The arrow was placed perfectly, the bowstring was taut, the wind had ceased blowing, and the crowd of spectators was silent. His previous shot had hit the target dead center, a feat unheard of before, as the center target was barely two inches wide. The archer, garbed in the forest green hooded cloak most commoners wore, let his second arrow fly. Gasps could be heard from the stands that surrounded the archery field, but this archer was focused. His second arrow had split the first, and pierced the other side of the wooden target. He heard prayers to the goddess of the forest from the stands now, but the archer paid them no mind. He had little time for such nonsense. A third arrow flew from his skillfully handmade longbow, and split his second arrow, causing it to hit the post the target was hung upon with a thump that echoed loud enough to be heard for miles, since the arena was silent. Satisfied, the hooded archer slung his longbow, retrieved his quiver from where it lay on the ground, and bowed to the astonished crowd. Cries of disbelief and claims that he had to have cheated rang throughout the arena, yet the archer did not move once he completed his bow, he simply turned and stared at his prize. The judges investigated the third arrow, and what remained of the first two. No magic had been used to guide them to their mark; the only thing that drove them had been the archer’s skill, and masterfully crafted bow. The judges informed the crowd of this, and a few began to clap, appreciative of the skill they had been privileged to witness.
The few who clapped stopped immediately however, once their king rose from his throne. His eyes blazed green, and his hair was as dark as midnight on a moonless night. He was garbed in fine clothing, as every king who had come before him had been. He wore his family’s sword upon his hip, Starcleaver it was called. It was the sword of the king, the symbol of the wood elve’s empire. The sun glinted off of his bejeweled golden crown as he strode from underneath the shaded balcony the royal family sat upon during such events. As he approached the balcony’s railing, he gestured to his best magician, the Arch Mage Seborhil. The mage pointed first at the king, and then at the hooded archer below, who was staring up at the royal family’s balcony. The king admired the finely carved wood railing his manicured hands now rested upon as he thought of how he would address the winner of this year’s archery tournament. Archery was the game of kings for wood elves; they regarded it as a noble sport and a superior way of waging war. Though when they did go to war, they had sword-wielders but archers made up their most skilled battalions. Because they were so skilled, most archery tournaments ended in a draw. A winner had not been declared in almost fifty years, and back then that winner had not won by a margin as great as this archer had. The king addressed the hooded archer before him, noticing with a grimace that the stranger had not kneeled before his king. Despite this, the king went on, “Congratulations are due unto you stranger. You have managed a feat I would have thought impossible this morning. You are clearly the winner of this noble tournament.” The stranger spoke now, immediately after the king finished his sentence. He came dangerously close to interrupting him. As he dropped into a kneeling position, he said, “I humbly accept the congratulations of my king, for I know well that I have earned them. Yet I did not strive to win this tournament for simple congratulations my king, I have striven to win this tournament for the prize that was promised to the victor.” A frown creased the brow of the raven haired king, and he responded harshly, “The prize has been revoked, by royal order. You will receive a monetary substitute that will sustain you for the rest of your time in this world instead.” The king reached for the pouch of gold he always carried with him. It would be more than enough to satisfy this commoner, he thought, and it was certainly a generous amount, but the hooded archer continued to speak despite the fact that the king had clearly ended the conversation, thus ending the spell that had enhanced their voices. The archer shouted now, “No monetary prize is equal to that of the prize that was promised for the victor of this tournament! I demand the hand of your daughter King Syril, I will have the prize I was promised!” The king’s hand flew to the hilt of Starcleaver, but a soft touch upon his shoulder halted it. His daughter, the fair haired Eiliandis, who greatly resembled the now passed Queen Melbes, spoke to the archer below. The Arch Mage Seborhil quickly pointed at the princess and the archer so all could hear them. “Who are you to demand anything from my father stranger?” The princess queried, “Especially when you hide your face from both him and our people. Who are you Master Archer? Show your face and be recognized.” The king smiled at his daughter, proud that she sounded so much like her mother, and acted like her too. His smile faltered however, as he realized his daughter would never act like her mother. The faintest hint of a smile upon her lovely face was the only sign the king needed. He knew now who this archer was, and he knew with a sinking feeling that there was nothing he could do now to stop the pair from being wed. The entire city, and many who had traveled far to see the tournament, had borne witness to this archer’s victory. No claim the king made could deny the winner the promised prize. Tears flowed from his glowing green eyes, and he covered his face with his right hand, silently sobbing at the fate his kingdom was now doomed to suffer. Below, the victor of the tournament spoke once more saying, “I am one who has loved you since I met you Princess Eiliandis, when we were parted I swore to you I would find a way to win your hand fairly in the eyes of our people.” The archer paused to pull back his hood, and to add a bit of dramatic affect the storytellers would no doubt appreciate in the future. His features were princely and noble, his hair was a deep golden color, but what gave away his lineage most was his eyes. They glowed yellow and burned with a passion only spoken of in legends. He continued to speak, “I am Sadron Locien; I am the one who would have your hand.” The stands around the arena exploded in a mixture of cries of outrage, and cheers of congratulations.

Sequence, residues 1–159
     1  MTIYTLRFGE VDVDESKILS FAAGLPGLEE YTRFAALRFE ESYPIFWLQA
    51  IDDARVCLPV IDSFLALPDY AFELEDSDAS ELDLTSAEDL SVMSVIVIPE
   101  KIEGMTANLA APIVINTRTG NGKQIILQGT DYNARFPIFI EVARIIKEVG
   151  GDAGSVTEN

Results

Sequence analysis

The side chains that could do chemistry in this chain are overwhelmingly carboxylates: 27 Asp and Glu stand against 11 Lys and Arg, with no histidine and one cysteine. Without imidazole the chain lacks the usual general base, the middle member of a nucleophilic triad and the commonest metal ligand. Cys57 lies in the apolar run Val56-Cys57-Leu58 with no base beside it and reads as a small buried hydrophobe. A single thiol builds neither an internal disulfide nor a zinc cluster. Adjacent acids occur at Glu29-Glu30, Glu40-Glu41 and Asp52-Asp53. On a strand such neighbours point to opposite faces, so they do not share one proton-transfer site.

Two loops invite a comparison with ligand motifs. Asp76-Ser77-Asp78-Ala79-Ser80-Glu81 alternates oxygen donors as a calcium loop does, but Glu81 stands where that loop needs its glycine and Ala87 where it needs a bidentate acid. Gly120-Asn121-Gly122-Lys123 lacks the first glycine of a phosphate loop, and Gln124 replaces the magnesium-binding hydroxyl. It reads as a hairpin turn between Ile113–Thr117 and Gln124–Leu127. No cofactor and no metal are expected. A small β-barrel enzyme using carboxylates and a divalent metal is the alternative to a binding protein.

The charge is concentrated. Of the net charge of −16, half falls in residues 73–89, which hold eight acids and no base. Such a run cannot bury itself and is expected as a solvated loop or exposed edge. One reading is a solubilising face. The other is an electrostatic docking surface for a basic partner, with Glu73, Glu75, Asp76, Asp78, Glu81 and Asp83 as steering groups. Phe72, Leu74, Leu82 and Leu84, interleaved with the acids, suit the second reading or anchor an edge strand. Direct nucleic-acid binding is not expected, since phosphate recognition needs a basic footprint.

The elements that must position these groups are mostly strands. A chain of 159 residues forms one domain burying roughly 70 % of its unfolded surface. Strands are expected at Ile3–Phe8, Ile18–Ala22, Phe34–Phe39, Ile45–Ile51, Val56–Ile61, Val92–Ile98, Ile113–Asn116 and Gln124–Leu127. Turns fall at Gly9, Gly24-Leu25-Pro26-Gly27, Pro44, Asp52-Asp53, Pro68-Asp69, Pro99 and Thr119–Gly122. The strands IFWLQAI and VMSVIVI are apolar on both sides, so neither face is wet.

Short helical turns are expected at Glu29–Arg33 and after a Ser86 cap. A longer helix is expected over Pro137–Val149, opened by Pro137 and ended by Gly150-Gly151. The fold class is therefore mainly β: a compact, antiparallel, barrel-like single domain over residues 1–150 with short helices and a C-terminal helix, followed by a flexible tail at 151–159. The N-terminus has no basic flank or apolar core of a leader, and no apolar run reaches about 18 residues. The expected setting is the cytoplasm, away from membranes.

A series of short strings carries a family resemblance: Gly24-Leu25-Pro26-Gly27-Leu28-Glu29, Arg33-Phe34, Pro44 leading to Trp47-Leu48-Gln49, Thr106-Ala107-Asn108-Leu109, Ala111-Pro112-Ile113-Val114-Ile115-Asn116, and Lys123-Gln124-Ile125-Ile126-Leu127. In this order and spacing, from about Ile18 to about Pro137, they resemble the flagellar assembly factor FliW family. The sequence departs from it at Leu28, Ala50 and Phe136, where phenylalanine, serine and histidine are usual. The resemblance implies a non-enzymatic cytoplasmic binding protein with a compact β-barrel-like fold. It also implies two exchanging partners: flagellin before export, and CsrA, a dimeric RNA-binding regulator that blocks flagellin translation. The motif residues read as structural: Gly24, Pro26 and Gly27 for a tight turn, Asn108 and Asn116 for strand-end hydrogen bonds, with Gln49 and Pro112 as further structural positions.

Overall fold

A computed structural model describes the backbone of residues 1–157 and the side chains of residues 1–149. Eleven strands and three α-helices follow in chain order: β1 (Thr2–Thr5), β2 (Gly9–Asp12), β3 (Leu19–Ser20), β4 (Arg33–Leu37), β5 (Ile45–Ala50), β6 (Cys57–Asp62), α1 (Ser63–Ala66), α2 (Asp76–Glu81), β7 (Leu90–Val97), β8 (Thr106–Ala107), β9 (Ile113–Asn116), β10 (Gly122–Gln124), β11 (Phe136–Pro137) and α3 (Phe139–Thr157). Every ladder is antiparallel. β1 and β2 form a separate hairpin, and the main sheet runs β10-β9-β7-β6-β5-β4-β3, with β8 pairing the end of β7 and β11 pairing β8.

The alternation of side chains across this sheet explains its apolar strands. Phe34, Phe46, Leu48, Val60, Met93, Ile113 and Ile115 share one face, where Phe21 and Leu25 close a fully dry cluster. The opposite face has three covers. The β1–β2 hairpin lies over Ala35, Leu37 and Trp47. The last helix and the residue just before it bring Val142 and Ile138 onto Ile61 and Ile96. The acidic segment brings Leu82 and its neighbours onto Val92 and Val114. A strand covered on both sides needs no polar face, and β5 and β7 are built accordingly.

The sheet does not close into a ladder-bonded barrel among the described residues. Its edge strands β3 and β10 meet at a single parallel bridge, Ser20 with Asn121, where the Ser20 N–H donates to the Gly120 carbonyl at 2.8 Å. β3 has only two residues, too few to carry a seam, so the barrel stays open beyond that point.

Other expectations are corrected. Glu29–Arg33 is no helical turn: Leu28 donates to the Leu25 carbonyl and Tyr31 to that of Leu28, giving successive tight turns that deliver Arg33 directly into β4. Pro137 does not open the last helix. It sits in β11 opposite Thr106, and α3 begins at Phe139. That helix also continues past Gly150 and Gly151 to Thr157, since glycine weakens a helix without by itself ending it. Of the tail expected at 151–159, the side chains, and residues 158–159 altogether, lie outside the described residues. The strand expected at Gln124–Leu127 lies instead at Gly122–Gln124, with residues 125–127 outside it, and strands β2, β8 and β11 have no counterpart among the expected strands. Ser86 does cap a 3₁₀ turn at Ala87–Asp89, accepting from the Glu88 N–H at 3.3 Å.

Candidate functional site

Many knew of the house of Locien, but everyone had thought they had been wiped out completely. The house of Locien had once ruled the kingdom, but they had been overthrown by the Order of Valadhiel, those who worshiped the spirit of the forest they called Cyri’alar. Since the house of Locien had been overthrown, three centuries had passed. The wood elves were long-lived, but they usually only lived to be around two hundred and fifty years old. The oldest of them, those who were revered as blessed by the goddess with long life, were closer to three hundred and fifty, but they were few and far between. The people had, at first, suffered under the regime the Order of Valadhiel imposed. One hundred and fifty years passed before a great warrior called Beriadan Thorontur forcibly removed the order from power, and established his house, the current royal family, as the rulers of the kingdom. Many wood elves had fallen when the old kingdom had fallen as well however, and the one hundred and fifty years the order was in power had given them the time to more than brainwash the newest generation with their dogma. The house of Thorontur had allowed the order to continue to exist, but had stripped it of all political and military power, and forbade it from trying to gather such things again. The order had recovered however, and had seeped into the political system of the wood elves over the course of the past one hundred and fifty years. There were just as many believers as non-believers within the elven kingdom, and a clear split could be seen between the two sides. This split became more evident as the crowd began to argue, a few fights broke out, but eventually the believers, those who supported the Order, started to leave the stands and head towards Sadron. The Order of Valadhiel had emphasized that the house of Locien had been murderers and thieves; they insisted that the old kings had not only abused the forest by chopping down large parts of it, but insulted the goddess of the forest by not paying homage to her, despite the fact there was no proof supporting these claims. Because of this, the Order had declared that in the unlikely event an heir to the old line was found, he or she would be killed on sight, so as to prevent their rise again. Many of the deluded followers of the Order now saw this happening before their eyes, an heir of the Locien line right before them. They charged, determined to dispatch this threat to their beliefs as quickly as possible. Sadron looked upon the enraged mob of people rushing towards him with his glowing yellow eyes, and sighed. He had hoped that by revealing his presence, the brainwashing of the Order might be overridden by the citizen’s obligation to uphold the laws of the kingdom, the first of which was not to murder. Instead of reaching for his remaining arrows in his quiver, he turned and sprinted towards the balcony the king and his future bride were standing on. At a full sprint, Sadron ran up one of the supporting pillars as far as he could until he felt gravity begin to weigh him down. He thrust his hand upwards as far as he could, and grabbed the ledge of the balcony. He quickly swung his other hand up beside it, and adjusted his grip. “You have a choice Syril Thorontur!” Sadron shouted, “Either pull me up, or leave me to die!” He locked his gaze with the king, and began to feel his grip slipping. A pair of soft, but firm hands grabbed onto his right arm. He looked up into the princesses’ eyes, so much like her fathers, and grinned. Sadron grabbed the top banister with her help, and pulled himself up onto the balcony. Eiliandis’ face was there, and she kissed him then, in front of her father and a brawling crowd of their kinsmen, who were fighting below. Once their lips parted, Sadron vaulted his lithe figure over the railing, and stood beside his future bride. He turned to face King Syril Thorontur, and was shocked to find the king on his hands and knees, begging for Sadron’s forgiveness. “King Syril Thorontur,” Sadron began, in the princeliest tone he could muster, “Your hesitation today has cost you your daughter’s hand, and your family’s name. By saving my life, you could have refuted my claim to her hand, yet you sat there, ready to let me fall to my doom. Know that I shall have my family’s throne on the day your daughter and I are joined. For now though, I believe you have an angry mob to deal with. I will be taking my bride to my own secret refuge that will remain secret from all but those loyal to the Locien line. I bid you a good day your highness may you live long, and prosper beneath the forest goddesses’ rule.” He finished his declaration to the king with a tone of intense sarcasm, and left the king where he was on the floor, shocked and powerless to stop his only daughter from leaving. Eiliandis gave her father a weak smile, before running after her future husband. With help from Arch Mage Seborhil, the two managed to escape the arena that hosted the archery tournament, and flee into the enormous city of Lor’drassil, the capital of the wood elve’s empire.